'A.C. Boulle / Petworth Commode'
André-Charles Boulle (1642-1732)
Oak carcass with walnut drawers, ebonised, ebony veneer, tortoiseshell and brass marquetry, gilt bronze and Rosso Verona marble
86.8 x 125.6 x 62.3 cm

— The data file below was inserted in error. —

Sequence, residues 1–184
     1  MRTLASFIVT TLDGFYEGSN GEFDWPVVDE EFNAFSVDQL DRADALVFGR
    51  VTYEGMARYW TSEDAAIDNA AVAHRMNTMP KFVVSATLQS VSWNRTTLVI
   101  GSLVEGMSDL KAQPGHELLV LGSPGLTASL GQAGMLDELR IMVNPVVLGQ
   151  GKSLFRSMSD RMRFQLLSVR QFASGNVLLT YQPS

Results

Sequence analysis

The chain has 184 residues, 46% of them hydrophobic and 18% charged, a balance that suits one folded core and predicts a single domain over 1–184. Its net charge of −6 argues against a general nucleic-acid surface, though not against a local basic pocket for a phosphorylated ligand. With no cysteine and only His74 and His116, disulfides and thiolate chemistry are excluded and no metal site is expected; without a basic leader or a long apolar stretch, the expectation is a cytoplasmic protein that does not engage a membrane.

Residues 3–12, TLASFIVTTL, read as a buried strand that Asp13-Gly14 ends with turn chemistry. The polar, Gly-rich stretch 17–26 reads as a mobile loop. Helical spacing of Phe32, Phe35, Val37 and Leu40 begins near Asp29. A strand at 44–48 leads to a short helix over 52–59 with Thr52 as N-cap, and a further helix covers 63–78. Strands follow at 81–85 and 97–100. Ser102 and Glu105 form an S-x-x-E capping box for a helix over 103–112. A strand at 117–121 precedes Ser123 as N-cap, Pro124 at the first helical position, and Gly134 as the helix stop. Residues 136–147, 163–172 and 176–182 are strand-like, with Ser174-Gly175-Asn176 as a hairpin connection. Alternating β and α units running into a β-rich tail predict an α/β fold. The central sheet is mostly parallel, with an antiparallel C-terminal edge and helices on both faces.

Place of origin
ParisOrder this image
Petworth House and Park, West Sussex (Accredited Museum)
A commode by André-Charles Boulle (1642-1732), circa 1710, veneered with ebony, brass and tortoiseshell marquetry 'en première partie', opening with two drawers, mounted with gilt bronzes, ebonised back.